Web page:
India’s top court halts plans for survey of centuries-old mosque

MUMBAI (Reuters) – India’s Supreme Court halted on Tuesday plans for a survey of a centuries-old mosque to determine if it contained Hindu relics and symbols, just days before another key temple, built on a razed mosque, is set to be inaugurated.

Prime Minister Narendra Modi will preside at Monday’s event centred on a temple in the town of Ayodhya dedicated to Lord Ram, a deity worshipped by millions of Hindus, during his campaign to win a third term in general elections due by May.

The Supreme Court stayed a lower court order allowing the setting up of a commission to survey the Shahi Eidgah mosque in the city of Mathura in the northern state of Uttar Pradesh, said news agency ANI, in which Reuters has a minority stake.

Its panel of Justices Sanjiv Khanna and Dipankar Datta said the application filed for appointment of the local commission was very vague, the Bar and Bench news website reported.

Last December, the state’s Allahabad high court had permitted a survey of the 17th century mosque, where Muslims still pray, to determine if there were any relics or Hindu symbols in the complex.

Members of hardline Hindu groups linked to Modi’s Hindu nationalist Bharatiya Janata Party (BJP) believe that Islamic invaders and rulers destroyed Hindu temples over several centuries.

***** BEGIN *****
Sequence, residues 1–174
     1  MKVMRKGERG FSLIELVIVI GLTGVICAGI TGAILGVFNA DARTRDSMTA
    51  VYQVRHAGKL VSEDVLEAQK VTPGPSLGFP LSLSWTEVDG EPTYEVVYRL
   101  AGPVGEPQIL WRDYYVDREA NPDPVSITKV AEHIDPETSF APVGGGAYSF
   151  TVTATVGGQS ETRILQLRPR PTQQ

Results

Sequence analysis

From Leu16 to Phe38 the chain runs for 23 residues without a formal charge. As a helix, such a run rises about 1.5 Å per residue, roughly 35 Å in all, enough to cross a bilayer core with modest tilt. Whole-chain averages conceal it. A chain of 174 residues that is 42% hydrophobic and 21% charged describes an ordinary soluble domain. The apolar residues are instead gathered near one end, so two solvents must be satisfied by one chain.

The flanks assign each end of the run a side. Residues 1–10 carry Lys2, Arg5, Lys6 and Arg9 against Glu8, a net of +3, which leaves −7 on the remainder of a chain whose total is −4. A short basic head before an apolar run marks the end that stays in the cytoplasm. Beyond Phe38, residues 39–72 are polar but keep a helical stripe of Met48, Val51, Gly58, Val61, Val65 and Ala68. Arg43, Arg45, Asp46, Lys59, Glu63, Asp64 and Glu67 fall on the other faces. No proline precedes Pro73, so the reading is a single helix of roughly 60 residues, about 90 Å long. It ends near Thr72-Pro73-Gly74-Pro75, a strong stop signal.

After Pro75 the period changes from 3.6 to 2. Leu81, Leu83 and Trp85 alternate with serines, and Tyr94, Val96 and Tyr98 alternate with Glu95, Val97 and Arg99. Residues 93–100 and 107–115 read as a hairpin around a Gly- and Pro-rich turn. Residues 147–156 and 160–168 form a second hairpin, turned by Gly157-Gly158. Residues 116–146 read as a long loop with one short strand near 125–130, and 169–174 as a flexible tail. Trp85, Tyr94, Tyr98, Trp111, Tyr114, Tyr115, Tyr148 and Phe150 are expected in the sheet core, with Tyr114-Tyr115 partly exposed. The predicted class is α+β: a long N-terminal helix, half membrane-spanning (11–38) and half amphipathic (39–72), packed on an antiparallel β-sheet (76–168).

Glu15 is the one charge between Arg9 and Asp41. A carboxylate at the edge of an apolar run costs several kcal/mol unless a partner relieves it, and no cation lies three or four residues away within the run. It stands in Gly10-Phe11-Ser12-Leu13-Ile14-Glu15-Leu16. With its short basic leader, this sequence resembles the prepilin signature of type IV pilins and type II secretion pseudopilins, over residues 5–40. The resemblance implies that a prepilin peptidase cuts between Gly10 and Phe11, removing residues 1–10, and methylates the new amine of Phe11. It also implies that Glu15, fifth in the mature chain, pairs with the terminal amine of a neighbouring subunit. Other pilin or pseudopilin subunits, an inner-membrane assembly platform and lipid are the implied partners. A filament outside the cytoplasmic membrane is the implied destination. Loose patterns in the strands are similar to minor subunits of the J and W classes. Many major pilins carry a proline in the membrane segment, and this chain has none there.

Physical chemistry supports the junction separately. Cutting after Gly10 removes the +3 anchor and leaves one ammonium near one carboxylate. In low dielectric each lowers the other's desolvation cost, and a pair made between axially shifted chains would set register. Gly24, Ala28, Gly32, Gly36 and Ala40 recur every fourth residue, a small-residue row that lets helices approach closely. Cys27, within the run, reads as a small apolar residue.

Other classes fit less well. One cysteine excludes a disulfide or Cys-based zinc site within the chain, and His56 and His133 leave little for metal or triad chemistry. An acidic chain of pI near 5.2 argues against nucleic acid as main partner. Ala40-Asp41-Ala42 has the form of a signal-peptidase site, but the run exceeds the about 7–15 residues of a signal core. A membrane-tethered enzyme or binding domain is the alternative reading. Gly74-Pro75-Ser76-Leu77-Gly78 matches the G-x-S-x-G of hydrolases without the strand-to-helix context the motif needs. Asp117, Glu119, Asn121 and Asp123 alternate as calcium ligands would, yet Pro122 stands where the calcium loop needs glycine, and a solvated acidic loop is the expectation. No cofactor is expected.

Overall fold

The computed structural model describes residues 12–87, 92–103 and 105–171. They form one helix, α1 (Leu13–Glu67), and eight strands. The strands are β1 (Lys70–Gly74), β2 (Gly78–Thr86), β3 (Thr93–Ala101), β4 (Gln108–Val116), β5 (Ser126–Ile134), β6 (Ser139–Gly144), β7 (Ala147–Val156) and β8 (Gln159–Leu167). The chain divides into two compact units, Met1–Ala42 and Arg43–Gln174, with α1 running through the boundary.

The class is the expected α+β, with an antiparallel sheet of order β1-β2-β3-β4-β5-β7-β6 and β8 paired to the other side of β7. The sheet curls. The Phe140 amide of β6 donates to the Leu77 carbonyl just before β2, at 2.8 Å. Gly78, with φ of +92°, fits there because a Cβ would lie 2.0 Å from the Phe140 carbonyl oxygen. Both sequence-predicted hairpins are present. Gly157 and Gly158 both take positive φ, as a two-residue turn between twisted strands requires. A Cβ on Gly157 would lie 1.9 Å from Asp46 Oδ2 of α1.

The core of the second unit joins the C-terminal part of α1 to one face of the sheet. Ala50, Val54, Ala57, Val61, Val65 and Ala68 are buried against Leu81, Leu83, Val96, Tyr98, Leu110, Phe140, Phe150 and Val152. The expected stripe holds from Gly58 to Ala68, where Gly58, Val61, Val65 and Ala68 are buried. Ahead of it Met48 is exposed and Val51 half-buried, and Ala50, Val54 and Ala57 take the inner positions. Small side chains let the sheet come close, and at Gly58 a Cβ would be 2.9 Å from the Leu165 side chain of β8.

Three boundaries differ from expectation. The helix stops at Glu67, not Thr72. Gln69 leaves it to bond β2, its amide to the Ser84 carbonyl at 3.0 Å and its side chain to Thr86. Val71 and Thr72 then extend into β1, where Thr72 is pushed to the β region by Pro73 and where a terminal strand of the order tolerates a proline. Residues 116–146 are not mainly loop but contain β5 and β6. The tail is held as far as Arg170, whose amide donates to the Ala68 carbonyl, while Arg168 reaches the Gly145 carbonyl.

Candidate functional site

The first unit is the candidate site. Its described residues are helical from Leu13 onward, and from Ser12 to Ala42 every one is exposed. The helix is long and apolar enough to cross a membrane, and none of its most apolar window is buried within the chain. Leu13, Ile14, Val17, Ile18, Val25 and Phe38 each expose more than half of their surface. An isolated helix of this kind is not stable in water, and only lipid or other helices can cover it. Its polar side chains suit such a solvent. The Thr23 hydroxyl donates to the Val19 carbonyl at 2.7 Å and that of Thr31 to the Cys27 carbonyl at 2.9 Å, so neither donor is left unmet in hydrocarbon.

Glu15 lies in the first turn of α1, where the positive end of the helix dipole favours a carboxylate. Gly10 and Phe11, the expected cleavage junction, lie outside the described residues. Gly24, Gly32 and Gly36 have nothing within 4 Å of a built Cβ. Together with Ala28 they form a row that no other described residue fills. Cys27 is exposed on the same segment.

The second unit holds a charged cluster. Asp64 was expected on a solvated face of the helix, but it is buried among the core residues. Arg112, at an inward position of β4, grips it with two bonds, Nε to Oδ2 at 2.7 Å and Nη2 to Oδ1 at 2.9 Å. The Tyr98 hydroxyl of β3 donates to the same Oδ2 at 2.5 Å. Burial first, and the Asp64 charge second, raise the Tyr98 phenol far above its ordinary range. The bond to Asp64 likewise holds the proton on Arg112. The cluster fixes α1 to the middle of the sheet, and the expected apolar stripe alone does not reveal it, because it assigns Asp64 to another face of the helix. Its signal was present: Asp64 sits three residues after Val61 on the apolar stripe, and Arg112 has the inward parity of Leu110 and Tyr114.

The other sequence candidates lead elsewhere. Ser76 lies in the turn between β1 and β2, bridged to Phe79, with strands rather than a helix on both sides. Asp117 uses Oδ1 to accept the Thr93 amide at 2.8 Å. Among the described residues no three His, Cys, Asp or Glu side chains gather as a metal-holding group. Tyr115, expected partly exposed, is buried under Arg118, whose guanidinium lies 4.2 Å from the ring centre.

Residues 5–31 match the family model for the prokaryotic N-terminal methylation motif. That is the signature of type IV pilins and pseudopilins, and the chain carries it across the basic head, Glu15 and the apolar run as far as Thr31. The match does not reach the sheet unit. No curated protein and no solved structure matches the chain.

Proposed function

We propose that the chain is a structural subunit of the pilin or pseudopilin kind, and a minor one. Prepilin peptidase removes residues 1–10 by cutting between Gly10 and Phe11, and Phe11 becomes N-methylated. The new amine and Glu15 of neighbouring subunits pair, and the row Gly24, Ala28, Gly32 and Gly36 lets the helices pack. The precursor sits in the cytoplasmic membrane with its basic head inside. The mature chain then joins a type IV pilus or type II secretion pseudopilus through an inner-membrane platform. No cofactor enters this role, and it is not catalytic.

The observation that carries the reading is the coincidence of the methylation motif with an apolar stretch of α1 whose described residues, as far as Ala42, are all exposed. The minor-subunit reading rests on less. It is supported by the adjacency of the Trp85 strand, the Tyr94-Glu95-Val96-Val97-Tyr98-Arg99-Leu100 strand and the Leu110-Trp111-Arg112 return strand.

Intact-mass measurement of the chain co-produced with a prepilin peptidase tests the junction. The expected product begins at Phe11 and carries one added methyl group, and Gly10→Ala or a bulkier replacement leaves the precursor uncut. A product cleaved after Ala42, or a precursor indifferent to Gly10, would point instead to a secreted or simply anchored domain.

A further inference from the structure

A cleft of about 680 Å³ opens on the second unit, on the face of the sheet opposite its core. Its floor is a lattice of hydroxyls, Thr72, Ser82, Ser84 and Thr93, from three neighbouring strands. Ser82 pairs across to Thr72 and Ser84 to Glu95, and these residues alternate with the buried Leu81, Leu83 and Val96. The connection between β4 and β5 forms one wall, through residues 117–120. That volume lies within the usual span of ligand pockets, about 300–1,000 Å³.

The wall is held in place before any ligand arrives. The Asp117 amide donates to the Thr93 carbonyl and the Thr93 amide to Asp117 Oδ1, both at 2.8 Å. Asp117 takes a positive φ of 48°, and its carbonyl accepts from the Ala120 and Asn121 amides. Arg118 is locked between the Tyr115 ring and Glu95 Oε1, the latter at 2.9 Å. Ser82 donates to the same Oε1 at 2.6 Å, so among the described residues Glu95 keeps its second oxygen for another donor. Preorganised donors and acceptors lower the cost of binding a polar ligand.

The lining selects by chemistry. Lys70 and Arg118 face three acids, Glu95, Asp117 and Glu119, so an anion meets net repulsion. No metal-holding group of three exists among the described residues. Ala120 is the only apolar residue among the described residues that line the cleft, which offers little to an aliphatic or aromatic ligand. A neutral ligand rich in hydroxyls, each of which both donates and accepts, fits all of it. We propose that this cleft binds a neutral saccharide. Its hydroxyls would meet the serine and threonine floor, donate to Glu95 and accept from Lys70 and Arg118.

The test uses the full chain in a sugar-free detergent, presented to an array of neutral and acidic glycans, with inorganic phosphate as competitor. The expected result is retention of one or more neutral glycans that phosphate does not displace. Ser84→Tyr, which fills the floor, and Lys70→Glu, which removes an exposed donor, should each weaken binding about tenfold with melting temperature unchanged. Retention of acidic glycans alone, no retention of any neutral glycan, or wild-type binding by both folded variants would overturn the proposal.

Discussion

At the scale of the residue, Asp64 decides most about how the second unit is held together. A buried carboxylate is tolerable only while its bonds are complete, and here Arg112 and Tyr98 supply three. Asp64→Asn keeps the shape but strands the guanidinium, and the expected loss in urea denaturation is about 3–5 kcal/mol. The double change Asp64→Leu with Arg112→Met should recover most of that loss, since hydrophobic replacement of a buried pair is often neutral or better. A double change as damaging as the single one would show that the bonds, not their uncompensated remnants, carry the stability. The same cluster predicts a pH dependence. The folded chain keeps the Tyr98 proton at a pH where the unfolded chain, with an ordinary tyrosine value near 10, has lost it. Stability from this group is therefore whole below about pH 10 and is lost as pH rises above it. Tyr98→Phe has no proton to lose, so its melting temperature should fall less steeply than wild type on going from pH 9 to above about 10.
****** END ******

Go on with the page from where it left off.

Last year, another court allowed a similar survey of the centuries-old Gyanvyapi mosque in Modi’s constituency of Varanasi, to determine if it had been built atop a Hindu temple.

Nationwide riots that killed 2,000 people, most of them minority Muslims, broke out in 1992 after a Hindu mob razed a mosque on the Ayodhya site they believed to be the birthplace of Lord Ram, saying there had earlier been a temple there.

In 2019, the Supreme Court handed over the land to Hindus, and construction of the temple began in 2020.

(This story has been corrected to clarify that Reuters owns a minority, not majority stake in ANI, in paragraph 3)

(Reporting by Shilpa Jamkhandikar; Editing by Clarence Fernandez)